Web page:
So many different mobile device apps are available these days, including health apps, including many for tracking your menstrual cycles, ovulation, your period, and pregnancy. Like anything, such apps have potential advantages and disadvantages, but today we’re going to discuss two major ones, one benefit and one drawback, the latter if you’re in a US state that has antiabortion laws coming into effect. We’re having this discussion in light of the Dobbs versus Jackson Women’s Health Organization abortion case of June 24, 2022, as well as taking into consideration a discussion that we had earlier this year, surrounding misconceptions about the effects of COVID-19 vaccination on the menstrual cycle and on fertility —misconceptions that have been promoted and spread, particularly by a highly visible medical researcher, Dr. Robert Malone, who became an admired figure among anti-vaxxers after he appeared on the The Joe Rogan Experience in December 2021.
During the three hour interview, Malone and Rogan discussed a variety of topics in connection with Dr. Malone’s objections particularly of the mRNA vaccines, meaning the COVID-19 vaccines of Pfizer-BioNTech and Moderna. One of the highlights came when Malone started talking about the timing of, and changes to menstrual periods of women following jabs of mRNA vaccines. This is a topic that was discussed in The Pulse around the time of the Rogan-Malone interview, just as data from a few studies were becoming available in preprint manuscripts (not yet reviewed by experts), while other studies were in the process of getting published. In speaking with Rogan, Malone asserted that influential entities, such as government agencies and big pharma were denying any effects of vaccine jabs on reproductive physiology. But, actually, the National Institutes of Health (NIH), months earlier, had announced the availability of millions of dollars in government grant money to study the issue. And guess how many of the researchers and institutions taking notice of the NIH announcement were already well into the process of using such funding for investigate COVID-19 mRNA vaccines and the female reproductive cycle. By utilizing data available from menstruation apps.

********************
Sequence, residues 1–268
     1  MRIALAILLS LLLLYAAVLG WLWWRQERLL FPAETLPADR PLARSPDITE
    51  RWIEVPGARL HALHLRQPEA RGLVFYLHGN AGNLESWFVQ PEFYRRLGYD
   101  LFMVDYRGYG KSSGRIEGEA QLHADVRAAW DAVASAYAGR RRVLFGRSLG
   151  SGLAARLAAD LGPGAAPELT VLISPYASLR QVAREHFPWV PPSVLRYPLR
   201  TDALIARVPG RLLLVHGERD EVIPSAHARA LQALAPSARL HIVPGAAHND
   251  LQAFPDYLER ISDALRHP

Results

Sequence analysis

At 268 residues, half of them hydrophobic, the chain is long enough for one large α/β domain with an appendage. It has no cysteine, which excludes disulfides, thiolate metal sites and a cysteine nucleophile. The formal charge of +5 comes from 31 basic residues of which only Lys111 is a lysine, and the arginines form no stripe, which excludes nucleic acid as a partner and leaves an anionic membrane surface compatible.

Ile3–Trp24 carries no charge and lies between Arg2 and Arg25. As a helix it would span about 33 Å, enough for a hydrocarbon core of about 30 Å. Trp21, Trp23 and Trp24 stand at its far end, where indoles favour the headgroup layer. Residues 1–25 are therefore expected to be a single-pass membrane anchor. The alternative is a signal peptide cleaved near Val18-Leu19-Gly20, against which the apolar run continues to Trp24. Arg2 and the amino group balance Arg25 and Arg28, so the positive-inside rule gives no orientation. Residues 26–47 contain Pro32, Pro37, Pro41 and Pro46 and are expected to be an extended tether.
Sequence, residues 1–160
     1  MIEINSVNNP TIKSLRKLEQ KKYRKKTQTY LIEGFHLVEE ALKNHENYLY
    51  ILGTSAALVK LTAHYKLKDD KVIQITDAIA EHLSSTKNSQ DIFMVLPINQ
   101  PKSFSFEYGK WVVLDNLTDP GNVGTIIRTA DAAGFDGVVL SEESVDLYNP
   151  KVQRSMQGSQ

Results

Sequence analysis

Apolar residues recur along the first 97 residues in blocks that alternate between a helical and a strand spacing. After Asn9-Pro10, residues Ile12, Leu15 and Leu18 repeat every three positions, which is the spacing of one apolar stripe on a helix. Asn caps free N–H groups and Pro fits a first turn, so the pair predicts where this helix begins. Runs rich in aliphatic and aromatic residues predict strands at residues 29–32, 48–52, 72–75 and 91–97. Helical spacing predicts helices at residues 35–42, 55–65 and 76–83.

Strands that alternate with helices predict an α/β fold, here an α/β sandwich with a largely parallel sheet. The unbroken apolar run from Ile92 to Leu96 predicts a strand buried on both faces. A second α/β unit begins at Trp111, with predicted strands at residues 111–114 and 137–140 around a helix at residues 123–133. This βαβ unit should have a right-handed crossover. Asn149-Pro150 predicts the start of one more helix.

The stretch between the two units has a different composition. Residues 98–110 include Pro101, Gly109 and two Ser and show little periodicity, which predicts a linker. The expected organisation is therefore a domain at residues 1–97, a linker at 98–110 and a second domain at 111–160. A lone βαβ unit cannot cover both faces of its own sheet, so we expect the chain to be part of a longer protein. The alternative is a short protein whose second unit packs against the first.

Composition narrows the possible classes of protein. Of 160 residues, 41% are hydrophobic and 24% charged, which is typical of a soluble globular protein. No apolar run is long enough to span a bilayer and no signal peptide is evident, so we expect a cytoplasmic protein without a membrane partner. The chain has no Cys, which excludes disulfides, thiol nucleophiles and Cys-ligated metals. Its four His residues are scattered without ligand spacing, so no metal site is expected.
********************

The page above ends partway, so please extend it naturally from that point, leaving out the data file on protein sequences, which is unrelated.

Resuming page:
Women around the planet had been using such apps on their phones and other mobile devices for various reasons, such as knowing when they’d likely ovulate in order to get pregnant, as part of tracking their overall health, for reasons related to athletic training, and perhaps some also to help them avoid pregnancy (although, this is not recommended as an alternative to contraception). Those menstruation app data were available to researcher, including those working on the vaccine issue that NIH was funding, such as a group based at Oregon Health Sciences University (OHSU).
Built into Malone’s discussion with Rogan was an idea that any change involving the reproductive system, such as a change in menstruation related to the vaccines could be a sign of some kind of negative effect on fertility. But rather than noting the various NIH-funded research projects, Malone described very non-scientific, anecdotal accounts of menstrual disruption, about which he had heard from ultra-orthodox rabbis in Brooklyn. He took time explaining why such Jewish communities routinely monitor menstrual cycles of the married women, but was unable to speak with the precision of a scientific study, because it was not a scientific study at all.